LEAWOOD, Kan. — The United Methodist Church unveiled a plan Friday to divide the denomination over issues surrounding LGBTQ involvement and inclusion, a topic of fierce moral debate in the church.
Adam Hamilton, senior pastor at Church of the Resurrection in Leawood, spoke Friday about the proposal that would allow a conservative group of churches to split from the others to resolve the decades-long dispute. The plan envisions an amicable separation.
“Currently our Book of Discipline says that the practice of homosexuality is incompatible with Christian teaching. We will be removing that," Hamilton said.
"Currently we have prohibitions against ordination and against marriage," he continued. "We'd be removing that and allowing pastors to decide who they will marry, allowing local churches to decide whose weddings they'll host, and allowing annual conferences to decide who they will ordain.”
Last spring, the United Methodist Church voted in its worldwide conference to reject a proposal that would have reset the definition of sexual morality to include members of the LGBTQ community.
The proposal, which had support among United Methodist bishops in the United States, was voted down 449 to 374.
Instead, the Traditional Plan was upheld in April by the United Methodist Church’s judicial council. The plan largely upheld bans on same-sex marriage and ordination of LGBTQ pastors.
The decision was largely supported by members of the church in different countries, but many US church leaders and members, including several in Kansas City, sided with the other plan.
“We have over 100 United Methodist churches in Kansas City," Hamilton said. "I can only think of a couple of them that would leave."
Hamilton's congregation is the largest United Methodist church in the world with more than 22,000 members.
"But across the country, especially in the deep South, we're going to find a higher percentage of people in the deep South who are going to say we can't go there."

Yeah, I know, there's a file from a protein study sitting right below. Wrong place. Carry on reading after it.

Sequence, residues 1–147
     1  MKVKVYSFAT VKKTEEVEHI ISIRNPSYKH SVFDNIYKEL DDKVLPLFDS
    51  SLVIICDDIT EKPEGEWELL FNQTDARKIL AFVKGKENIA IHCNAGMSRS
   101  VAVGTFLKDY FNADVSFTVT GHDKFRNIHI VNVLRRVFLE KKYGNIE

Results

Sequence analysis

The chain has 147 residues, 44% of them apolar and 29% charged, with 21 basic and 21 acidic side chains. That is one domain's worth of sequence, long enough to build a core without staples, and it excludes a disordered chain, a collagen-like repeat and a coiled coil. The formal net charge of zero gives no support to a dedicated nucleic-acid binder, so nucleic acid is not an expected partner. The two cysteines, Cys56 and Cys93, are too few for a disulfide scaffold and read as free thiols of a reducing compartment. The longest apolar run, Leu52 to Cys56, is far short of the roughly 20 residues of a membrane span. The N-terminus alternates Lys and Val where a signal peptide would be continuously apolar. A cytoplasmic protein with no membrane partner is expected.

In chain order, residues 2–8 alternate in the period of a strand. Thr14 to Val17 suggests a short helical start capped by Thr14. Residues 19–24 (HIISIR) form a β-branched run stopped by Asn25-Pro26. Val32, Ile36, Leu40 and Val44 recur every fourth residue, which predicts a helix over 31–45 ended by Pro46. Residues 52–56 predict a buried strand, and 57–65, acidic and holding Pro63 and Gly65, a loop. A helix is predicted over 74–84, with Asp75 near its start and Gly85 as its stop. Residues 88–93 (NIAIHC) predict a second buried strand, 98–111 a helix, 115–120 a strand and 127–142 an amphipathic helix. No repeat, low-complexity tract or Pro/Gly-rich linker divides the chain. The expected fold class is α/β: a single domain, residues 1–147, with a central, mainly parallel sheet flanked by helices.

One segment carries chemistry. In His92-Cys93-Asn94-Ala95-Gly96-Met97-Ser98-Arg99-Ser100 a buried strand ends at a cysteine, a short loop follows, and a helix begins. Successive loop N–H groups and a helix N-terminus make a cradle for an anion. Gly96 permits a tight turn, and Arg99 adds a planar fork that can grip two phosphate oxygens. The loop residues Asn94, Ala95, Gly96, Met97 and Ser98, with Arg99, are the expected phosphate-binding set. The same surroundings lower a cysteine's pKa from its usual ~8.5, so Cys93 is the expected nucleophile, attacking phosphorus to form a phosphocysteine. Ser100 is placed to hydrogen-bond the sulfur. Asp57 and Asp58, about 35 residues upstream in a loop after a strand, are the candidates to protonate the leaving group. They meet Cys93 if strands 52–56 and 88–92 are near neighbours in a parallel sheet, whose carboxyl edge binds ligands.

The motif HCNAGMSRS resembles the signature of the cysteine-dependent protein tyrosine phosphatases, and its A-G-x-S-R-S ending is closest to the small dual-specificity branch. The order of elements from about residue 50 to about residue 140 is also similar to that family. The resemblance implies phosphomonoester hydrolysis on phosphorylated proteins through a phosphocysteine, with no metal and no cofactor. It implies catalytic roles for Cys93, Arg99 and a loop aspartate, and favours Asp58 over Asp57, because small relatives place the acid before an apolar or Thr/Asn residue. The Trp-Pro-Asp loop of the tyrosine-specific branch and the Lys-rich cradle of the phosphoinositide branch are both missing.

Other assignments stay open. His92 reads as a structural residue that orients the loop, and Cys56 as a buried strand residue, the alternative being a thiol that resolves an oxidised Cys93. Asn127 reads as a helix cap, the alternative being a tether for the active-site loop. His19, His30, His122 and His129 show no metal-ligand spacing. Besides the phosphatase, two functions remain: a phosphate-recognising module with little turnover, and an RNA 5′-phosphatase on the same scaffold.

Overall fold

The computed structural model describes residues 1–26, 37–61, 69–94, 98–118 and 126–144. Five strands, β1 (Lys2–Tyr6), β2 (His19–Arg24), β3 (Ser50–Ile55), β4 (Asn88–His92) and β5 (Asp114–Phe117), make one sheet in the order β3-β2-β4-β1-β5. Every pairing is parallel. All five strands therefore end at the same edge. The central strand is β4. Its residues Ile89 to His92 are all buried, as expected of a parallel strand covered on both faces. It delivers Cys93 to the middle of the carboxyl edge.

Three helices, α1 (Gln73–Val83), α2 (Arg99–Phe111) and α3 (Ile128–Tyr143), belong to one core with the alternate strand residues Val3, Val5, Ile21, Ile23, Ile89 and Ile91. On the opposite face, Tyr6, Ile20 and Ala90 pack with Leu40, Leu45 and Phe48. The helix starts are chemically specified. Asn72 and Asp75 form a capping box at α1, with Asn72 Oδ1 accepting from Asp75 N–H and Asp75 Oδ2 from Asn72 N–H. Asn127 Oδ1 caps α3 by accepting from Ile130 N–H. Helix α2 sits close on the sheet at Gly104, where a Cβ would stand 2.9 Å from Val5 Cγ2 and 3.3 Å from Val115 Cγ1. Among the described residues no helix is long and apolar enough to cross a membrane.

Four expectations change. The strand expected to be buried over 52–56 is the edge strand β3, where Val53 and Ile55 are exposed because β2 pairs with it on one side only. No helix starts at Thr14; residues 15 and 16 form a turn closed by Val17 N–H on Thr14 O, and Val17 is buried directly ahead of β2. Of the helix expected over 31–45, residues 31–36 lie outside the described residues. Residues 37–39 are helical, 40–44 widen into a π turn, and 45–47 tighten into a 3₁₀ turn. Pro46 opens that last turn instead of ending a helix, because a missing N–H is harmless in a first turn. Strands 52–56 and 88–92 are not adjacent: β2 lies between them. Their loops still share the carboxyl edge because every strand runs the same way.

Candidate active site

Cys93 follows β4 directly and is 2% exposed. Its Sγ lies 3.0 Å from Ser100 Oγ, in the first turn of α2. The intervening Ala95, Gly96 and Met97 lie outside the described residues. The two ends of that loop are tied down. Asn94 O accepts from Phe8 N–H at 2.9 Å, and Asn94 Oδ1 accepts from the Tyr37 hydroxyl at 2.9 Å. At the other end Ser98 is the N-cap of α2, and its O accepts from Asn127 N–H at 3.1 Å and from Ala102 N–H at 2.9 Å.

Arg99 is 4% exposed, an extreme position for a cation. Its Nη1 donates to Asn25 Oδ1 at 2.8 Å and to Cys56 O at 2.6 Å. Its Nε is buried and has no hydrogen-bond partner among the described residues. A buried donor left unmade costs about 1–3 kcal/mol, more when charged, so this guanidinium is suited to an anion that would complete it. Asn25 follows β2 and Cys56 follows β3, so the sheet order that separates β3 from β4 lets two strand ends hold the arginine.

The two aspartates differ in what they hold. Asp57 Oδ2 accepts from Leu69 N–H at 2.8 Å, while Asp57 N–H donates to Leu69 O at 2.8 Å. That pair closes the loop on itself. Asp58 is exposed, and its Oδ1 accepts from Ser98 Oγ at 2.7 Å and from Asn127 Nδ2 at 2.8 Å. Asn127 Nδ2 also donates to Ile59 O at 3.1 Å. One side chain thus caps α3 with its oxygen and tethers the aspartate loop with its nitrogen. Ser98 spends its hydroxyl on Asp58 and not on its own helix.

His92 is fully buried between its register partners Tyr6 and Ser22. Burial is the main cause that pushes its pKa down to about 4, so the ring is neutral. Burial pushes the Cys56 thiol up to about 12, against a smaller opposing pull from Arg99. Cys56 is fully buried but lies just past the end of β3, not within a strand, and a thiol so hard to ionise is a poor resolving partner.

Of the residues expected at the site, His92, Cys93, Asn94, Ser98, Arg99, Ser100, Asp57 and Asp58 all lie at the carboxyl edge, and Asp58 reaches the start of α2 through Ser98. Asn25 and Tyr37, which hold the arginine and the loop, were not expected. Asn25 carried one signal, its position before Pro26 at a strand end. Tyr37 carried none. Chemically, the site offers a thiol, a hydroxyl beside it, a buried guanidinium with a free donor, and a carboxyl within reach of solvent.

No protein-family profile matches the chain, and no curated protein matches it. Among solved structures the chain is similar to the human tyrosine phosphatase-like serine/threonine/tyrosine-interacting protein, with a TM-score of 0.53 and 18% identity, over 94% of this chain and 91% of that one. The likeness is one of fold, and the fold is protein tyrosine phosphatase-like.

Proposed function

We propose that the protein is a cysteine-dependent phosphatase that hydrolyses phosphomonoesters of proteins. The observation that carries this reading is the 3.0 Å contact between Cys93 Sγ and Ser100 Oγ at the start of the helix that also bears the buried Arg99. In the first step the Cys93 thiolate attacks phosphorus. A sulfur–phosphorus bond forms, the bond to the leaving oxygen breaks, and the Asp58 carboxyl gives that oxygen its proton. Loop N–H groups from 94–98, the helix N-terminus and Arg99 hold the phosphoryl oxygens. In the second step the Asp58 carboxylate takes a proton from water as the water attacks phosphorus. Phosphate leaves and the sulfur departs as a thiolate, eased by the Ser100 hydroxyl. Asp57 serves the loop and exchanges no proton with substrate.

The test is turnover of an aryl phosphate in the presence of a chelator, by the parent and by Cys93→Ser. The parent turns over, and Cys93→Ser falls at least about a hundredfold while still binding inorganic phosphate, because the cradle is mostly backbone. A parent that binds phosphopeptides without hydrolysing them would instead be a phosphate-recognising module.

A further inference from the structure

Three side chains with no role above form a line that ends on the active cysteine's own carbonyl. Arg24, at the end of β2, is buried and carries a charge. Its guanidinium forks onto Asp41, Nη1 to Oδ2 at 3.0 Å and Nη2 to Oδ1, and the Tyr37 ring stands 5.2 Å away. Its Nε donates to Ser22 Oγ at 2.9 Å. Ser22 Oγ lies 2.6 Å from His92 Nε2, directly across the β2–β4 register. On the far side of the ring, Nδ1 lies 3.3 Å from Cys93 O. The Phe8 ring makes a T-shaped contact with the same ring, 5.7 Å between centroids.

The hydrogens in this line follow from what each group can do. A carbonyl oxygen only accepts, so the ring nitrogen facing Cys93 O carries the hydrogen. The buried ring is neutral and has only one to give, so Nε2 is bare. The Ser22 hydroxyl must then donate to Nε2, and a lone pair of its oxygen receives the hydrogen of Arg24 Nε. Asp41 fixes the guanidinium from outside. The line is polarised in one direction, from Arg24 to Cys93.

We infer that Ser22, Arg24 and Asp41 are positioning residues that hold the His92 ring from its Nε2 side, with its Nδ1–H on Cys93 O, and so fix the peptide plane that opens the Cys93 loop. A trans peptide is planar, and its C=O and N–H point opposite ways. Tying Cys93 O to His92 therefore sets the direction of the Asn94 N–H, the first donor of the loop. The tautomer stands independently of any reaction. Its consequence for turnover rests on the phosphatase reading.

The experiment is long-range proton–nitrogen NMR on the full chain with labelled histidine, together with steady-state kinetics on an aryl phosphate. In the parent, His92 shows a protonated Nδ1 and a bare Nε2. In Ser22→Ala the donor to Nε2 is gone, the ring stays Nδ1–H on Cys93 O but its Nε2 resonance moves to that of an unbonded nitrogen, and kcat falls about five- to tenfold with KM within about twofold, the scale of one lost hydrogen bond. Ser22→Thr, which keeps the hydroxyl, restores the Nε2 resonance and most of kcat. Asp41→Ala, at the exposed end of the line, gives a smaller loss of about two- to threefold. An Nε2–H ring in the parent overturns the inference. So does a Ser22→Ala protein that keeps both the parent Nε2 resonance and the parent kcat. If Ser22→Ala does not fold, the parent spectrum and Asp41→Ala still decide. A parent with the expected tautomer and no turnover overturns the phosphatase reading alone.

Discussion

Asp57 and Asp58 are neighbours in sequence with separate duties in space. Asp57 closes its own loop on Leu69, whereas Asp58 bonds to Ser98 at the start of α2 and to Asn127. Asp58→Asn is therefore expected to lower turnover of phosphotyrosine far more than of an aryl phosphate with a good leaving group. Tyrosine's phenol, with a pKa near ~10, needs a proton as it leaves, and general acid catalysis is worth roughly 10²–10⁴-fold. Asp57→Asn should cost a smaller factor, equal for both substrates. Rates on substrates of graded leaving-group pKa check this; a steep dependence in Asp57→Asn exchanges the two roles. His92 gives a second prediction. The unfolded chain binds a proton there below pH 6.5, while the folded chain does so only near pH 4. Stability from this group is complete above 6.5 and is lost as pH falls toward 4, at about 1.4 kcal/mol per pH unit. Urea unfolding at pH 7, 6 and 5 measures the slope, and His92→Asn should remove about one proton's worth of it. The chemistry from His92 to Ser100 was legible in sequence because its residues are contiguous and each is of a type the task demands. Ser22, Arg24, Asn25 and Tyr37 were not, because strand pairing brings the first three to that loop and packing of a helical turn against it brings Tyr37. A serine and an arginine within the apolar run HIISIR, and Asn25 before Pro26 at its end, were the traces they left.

He added he believed 10-25% of churches within the denomination will leave.
At the time, Rev. Tom Lambrecht, general manager of the conservative Methodist magazine Good News, suggested that those wishing to change the rules to add LGBTQ inclusion measures start their own denomination.
However, the new plan suggests that those who agree with the Traditional Plan will start their own denomination, while those who support same-sex marriage and LGBTQ pastors will remain as the United Methodist Church, according to leaders at the Church of the Resurrection.
The church would “remove all language and policies from the ‘Book of Discipline’ that restrict LGBTQ persons in the church,’" according to the Church of the Resurrection. It would also allow pastors to determine who they will or will not marry.
However, the plan would also provide funding for those wanting to leave the United Methodist Church in order to help them get a new denomination started.
While Hamilton celebrates the decision, he also realizes it’s not a total victory.
“Many of them are my friends. They're people I care about," he said. "We've traveled together, we have shared in mission and ministry together. We love each other.
"We see much of the scripture the same way, but on this particular issue, we do not see things the same way. From my side, I was like, 'It's OK for us not to agree and for you to be in one place.' And for some of them they said, 'I can't stay in the church if that's where you're going.' So it's bittersweet. It's painful actually to have people leave.”
“I'm so ready for us not to be fighting about this all the time. I'm so ready for us not to have in our Book of Discipline words that harm people and for us instead to be a church that says you are welcome and loved in this place,” Hamilton said.
The plan wouldn’t go into effect until the General Conference in May, where members will vote on its passage.
Mainstream UMC, along with two other organizations, will host rallies in Topeka and Omaha this weekend. Learn more here.